That’s the way this crisp crum­bles

Los Angeles Times - - FOOD & DINING - RUSS PAR­SONS russ.par­sons@la­times.com

Fruit crisps can be the best friend a cook ever had. Pulse to­gether but­ter, flour and sugar in a food pro­ces­sor, and scat­ter the crumbs over cut-up fruit. Bake. In­stant dessert.

The only prob­lem with most fruit crisps is that they just aren’t very crisp. That crumbly “crisp” top­ping soaks up cooking juices from the fruit and turns sludgy. Not any­more, thanks to Jim Dodge. As fur­ther ev­i­dence that even the sim­plest dish can be im­proved upon by a smart cook, he’s got a tech­nique for fruit crisps that guar­an­tees they will be, well, crisp.

New­com­ers might not know who Dodge is. He’s now the direc­tor of spe­cial culi­nary pro­grams for Bon Ap­petit Man­age­ment Co., which runs cor­po­rate, mu­seum and uni­ver­sity restau­rants, dining halls and cof­fee shops all over the coun­try. But back in the 1970s and ’80s, he was the pas­try chef at San Fran­cisco’s Stan­ford Court Ho­tel when that was the ad­dress of choice for ev­ery vis­it­ing food lu­mi­nary. James Beard and Ju­lia Child would stay for weeks at a time. His 1987 book, “The Amer­i­can Baker,” is a clas­sic, and he was fea­tured in Child’s tele­vi­sion se­ries “Bak­ing With Ju­lia.”

So what does Dodge do that makes his crisps so dif­fer­ent? Rather than just scat­ter­ing the crumbs, he gath­ers them into a rough dough ball, then breaks off lit­tle chunks to dis­trib­ute over the fruit. This way the dough sits up on top and doesn’t ab­sorb as much of the cooking juices. The top­ping browns bet­ter and, most im­por­tant, stays truly crisp.

For most crisps, you can start with a ra­tio of equal parts sugar and flour and half that amount of but­ter — in other words, 1 cup of flour, 1 cup of sugar and 1⁄ cup of

2 but­ter (as in pie dough, the but­ter should be very cold to keep it from smear­ing). Given that for­mula, there’s room for vari­a­tion. You can use gran­u­lated sugar, which has a sim­pler, more straight­for­ward sweet­ness that would be good with del­i­cately fla­vored fruit, or you can use light brown sugar, which has a touch of mo­lasses bit­ter­ness that can bal­ance more for­ward fla­vors.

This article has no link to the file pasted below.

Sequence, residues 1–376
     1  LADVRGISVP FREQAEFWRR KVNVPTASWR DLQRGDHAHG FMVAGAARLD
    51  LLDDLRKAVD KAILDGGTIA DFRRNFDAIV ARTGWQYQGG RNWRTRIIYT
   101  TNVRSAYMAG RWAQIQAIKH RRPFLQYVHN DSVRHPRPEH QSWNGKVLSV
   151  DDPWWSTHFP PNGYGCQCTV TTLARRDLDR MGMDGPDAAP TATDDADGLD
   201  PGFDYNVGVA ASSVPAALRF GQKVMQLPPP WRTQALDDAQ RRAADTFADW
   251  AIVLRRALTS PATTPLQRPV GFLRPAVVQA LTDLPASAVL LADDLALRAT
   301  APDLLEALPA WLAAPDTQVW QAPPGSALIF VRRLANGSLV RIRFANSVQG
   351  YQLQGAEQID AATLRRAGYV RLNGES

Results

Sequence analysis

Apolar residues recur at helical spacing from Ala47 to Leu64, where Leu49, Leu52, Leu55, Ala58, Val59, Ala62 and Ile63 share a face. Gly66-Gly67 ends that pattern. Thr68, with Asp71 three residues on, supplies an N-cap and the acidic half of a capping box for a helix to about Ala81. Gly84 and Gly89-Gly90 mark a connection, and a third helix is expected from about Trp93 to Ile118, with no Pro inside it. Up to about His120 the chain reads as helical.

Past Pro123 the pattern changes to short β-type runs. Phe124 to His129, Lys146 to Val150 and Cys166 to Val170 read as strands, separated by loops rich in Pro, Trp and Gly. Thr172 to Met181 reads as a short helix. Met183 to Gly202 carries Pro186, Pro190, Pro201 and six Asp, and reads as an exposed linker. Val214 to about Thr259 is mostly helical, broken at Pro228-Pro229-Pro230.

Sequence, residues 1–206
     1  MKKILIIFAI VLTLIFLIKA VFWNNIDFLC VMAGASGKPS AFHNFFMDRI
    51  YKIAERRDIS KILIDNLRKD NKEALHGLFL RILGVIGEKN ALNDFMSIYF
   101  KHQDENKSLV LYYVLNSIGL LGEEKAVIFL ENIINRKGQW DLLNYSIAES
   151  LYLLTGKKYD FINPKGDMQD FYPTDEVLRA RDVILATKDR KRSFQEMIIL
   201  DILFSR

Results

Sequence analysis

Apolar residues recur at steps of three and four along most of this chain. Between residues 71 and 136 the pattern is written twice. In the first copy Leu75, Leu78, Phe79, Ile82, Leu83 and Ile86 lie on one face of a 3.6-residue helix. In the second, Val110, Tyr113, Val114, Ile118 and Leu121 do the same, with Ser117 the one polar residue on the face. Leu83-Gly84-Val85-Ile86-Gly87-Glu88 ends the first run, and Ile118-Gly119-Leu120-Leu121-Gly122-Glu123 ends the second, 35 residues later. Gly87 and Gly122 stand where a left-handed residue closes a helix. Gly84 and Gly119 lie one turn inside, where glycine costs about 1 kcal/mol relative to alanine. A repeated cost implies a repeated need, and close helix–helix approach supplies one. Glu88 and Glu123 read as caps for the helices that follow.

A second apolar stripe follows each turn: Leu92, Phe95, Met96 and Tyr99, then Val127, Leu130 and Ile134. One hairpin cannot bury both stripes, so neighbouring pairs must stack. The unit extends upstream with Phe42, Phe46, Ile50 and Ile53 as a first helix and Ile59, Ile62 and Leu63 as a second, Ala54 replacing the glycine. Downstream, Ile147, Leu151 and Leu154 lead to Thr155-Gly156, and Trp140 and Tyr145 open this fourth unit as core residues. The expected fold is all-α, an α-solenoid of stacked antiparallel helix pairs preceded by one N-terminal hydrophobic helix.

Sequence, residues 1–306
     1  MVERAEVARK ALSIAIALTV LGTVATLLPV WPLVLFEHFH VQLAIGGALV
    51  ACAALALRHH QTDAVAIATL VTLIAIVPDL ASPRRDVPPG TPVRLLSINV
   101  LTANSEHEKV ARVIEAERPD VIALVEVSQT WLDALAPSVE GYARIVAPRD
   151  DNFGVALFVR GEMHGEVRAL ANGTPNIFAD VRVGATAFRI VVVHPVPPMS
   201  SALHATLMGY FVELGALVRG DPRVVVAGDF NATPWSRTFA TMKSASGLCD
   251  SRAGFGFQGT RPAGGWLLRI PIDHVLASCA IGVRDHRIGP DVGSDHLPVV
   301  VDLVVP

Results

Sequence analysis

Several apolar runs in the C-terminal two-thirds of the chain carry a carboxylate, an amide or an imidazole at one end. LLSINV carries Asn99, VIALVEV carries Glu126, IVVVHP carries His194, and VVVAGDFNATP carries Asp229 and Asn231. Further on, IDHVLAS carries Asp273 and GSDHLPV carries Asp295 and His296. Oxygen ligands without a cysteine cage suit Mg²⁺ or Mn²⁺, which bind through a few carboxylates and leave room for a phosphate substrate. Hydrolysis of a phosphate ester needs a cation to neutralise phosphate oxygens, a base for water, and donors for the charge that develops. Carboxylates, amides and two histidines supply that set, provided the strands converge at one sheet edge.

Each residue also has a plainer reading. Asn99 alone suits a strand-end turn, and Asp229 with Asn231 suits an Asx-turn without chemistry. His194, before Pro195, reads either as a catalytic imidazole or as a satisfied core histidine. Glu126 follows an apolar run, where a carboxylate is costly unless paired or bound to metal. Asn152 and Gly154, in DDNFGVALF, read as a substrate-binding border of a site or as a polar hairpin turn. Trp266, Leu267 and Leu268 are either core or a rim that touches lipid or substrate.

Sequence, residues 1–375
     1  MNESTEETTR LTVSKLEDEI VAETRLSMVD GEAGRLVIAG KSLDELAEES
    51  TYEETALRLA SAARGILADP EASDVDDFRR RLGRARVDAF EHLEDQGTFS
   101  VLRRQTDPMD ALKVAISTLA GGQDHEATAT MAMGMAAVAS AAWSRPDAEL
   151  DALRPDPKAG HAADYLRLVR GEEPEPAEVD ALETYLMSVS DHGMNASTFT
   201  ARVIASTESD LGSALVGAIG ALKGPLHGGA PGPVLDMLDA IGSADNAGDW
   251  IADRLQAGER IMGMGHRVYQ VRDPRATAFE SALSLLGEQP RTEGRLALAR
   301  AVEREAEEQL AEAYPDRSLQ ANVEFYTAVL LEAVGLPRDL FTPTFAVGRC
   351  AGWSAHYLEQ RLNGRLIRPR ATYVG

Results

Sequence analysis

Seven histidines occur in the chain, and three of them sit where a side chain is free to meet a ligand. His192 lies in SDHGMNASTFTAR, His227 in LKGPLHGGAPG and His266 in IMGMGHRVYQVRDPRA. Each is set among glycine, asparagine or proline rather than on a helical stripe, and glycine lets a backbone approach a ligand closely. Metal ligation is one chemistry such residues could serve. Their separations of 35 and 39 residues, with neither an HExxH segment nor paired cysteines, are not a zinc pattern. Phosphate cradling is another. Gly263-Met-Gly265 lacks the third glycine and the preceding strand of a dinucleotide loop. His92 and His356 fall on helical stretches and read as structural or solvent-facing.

In­stead of us­ing just flour, you can add nuts — ei­ther ground or in big­ger pieces — and oat­meal too (rolled oats, of course, not steel cut). Dodge rec­om­mends adding a min­i­mum of 1⁄ cup for ev­ery cup of

3 flour. With nuts that have been chopped or sliced rather than ground, knead them along with the crumbs into the dough ball to help keep their in­tegrity.

You can add other fla­vor­ings too: warm spices, such as ground cloves, gin­ger or cin­na­mon, or cit­rus zest. You can also vary the way the fruit is treated. Es­pe­cially if you’re us­ing light brown sugar in the top­ping, gran­u­lated sugar will let the fruit fla­vor shine through more clearly. But light or even dark brown sugar could be used with some as­sertive fruits, such as pineap­ples. Or re­place part of the sugar with honey for a slightly bit­ter, flo­ral sweet­ness.

The choice of thick­en­ers makes a dif­fer­ence. Flour is com­monly used, but be­cause it is an un­re­fined starch, it makes the fill­ing cloudy. Corn­starch is re­fined, so the fruit juices stay clear and shiny. Start with a ra­tio of about 1 tea­spoon corn­starch per cup of cut fruit. Juicy fruits such as straw­ber­ries will take a lit­tle more; fruits that are high in pectin, such as ap­ples and apri­cots, will take a lit­tle less.

Dodge prefers to thicken with tapi­oca starch, which can be found in Asian mar­kets. He says it pro­vides a clear gel with­out adding fla­vor, which he says corn­starch can. Re­mem­ber that starches dif­fer in their thick­en­ing abil­i­ties, so if you’re sub­sti­tut­ing, you’ll need to ex­per­i­ment to find the ra­tio that works best. And re­mem­ber that you’ll need to add a lit­tle more to make up for any liq­uid you’ve added to the fruit — honey or fruit juices.

One per­fect tech­nique and an al­most end­less se­ries of op­tions. A cook’s best friend just got bet­ter.

Kirk McKoy Los An­ge­les Times

AL­MONDS add to the crunch fac­tor in apri­cot-rasp­berry crisp. Nuts and/or rolled oats will help firm up the dessert top­ping. Proper crum­ble dis­tri­bu­tion is the se­cret to a non-soggy fruit crisp.

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